They want the Blood Service to pay them the same as their hospital counterparts, and plan to strike for longer next week.

The junior doctors are part of the Resident Doctors Association which represents about half of all junior doctors, more than 2500 of them.

President James Anderson said Te Whatu Ora has barely moved on its demands for fair pay and for an end to back-to-back 15 hour weekend shifts.

It was also trying to "claw back" a 50-year-old clause that meant doctors got $5000 when they passed their first exam, he said.

While the Employment Relations Authority had recommended halting the strikes at the beginning of facilitation, the union was sticking to its guns, he said.

"This glacial pace we've got going on at the moment is only happening because of our industrial action," he said.

"Toward the end of facilitated bargaining, the facilitator was no longer recommending we took strike action off the table, which we've interpreted as being recognition that strike action is the only thing that's progressing Te Whatu Ora forward."

The union also argued doctors should not be financially punished for wanting safer working conditions.

Te Whatu Ora chief people officer Andrew Slater said he was frustrated and disappointed the doctors were was still going ahead with the strike despite the Employment Relations Authority recommending they paused during facilitation.

The pay increase offer - between 3 and 29 percent - was fair, he said.

Hospitals would remain open and patients should turn up to appointment unless contacted, he said.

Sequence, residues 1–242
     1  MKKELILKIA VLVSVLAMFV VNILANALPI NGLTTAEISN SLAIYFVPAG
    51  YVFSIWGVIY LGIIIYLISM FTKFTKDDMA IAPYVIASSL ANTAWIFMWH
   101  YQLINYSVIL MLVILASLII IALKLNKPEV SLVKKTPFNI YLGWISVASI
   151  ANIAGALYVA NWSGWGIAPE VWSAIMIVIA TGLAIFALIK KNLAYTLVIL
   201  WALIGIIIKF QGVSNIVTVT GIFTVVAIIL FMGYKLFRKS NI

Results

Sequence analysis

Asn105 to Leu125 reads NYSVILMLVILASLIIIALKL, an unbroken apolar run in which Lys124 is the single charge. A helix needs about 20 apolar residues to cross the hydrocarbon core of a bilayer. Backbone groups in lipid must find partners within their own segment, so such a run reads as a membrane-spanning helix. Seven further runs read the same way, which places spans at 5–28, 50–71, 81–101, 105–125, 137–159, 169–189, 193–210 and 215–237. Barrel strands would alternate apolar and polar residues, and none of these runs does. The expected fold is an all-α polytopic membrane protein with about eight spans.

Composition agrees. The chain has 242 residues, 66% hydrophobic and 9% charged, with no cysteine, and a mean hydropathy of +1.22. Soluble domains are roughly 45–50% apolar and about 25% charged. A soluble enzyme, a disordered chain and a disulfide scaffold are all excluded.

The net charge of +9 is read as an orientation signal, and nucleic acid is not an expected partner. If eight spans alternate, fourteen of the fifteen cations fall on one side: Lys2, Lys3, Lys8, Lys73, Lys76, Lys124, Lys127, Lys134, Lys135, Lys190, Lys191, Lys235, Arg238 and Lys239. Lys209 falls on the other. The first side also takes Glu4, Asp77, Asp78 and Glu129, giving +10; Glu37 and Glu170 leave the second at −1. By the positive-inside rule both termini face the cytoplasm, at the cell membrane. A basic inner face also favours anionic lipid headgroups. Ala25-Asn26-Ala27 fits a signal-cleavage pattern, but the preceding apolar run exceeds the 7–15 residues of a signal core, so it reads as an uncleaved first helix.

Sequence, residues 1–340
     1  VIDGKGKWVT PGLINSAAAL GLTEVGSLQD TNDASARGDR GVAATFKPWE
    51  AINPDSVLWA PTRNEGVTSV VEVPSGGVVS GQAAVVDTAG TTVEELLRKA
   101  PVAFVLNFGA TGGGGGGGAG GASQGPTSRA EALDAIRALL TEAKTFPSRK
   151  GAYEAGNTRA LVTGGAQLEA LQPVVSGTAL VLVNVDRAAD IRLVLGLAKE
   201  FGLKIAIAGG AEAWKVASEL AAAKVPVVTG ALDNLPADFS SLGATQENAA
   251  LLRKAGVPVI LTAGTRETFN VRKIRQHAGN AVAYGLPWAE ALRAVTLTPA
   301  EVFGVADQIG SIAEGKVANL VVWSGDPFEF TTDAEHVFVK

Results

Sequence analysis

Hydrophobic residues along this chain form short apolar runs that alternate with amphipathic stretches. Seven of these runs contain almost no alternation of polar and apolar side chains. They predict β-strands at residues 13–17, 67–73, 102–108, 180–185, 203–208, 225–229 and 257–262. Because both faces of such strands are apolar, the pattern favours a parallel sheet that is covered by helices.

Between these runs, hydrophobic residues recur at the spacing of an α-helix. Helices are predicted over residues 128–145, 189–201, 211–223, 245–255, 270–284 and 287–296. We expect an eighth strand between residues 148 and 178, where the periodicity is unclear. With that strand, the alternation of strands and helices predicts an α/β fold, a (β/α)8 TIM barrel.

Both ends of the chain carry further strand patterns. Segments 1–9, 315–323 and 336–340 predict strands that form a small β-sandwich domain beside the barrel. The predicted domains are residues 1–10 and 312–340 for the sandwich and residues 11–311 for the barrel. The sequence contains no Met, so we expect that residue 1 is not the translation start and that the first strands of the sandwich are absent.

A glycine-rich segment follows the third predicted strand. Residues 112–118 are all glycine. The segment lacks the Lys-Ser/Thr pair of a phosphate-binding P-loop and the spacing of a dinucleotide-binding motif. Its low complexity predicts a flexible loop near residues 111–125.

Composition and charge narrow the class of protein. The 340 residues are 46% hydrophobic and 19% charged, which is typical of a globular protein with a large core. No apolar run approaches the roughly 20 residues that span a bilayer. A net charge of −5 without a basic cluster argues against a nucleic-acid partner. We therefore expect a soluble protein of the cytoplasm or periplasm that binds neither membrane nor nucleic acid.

Wellington Hospital house officer and Resident Doctors Association delegate Kerry Appleton said Te Whatu Ora already paid doctors from another union more, because their contract did not include a safety clause which prevented doctors from working more than 10 days or four nights in a row. It now wanted to increase that pay gap.

"What was allowed prior to that schedule coming into existence [in 2016] was working seven nights in a row or working up to 12 days, so working your Monday-Friday, the weekend, and then another full Monday-Friday after that. That's a huge amount of work, that is incredibly fatiguing and ultimately, is not safe."

Appleton said increasing the pay disparity would force more doctors to choose between pay and safety.

Another junior doctor said patient wellbeing was a primary concern among the doctors. Eden Hawkins, who was among those on the picket line outside Wellington Hospital, said those she had spoken to were supportive of the strike action.

"When patients have brought it up with me on the wards or in other contexts there seems to be a really bolstering sense of support around us, which is really reassuring and heartening because there's obviously a conflict within ourselves when we strike, we don't want to be doing that."

Hawkins said ultimately the strikes would benefit patients - improving doctors' pay and conditions would help retain staff, therefore improving the standard of care.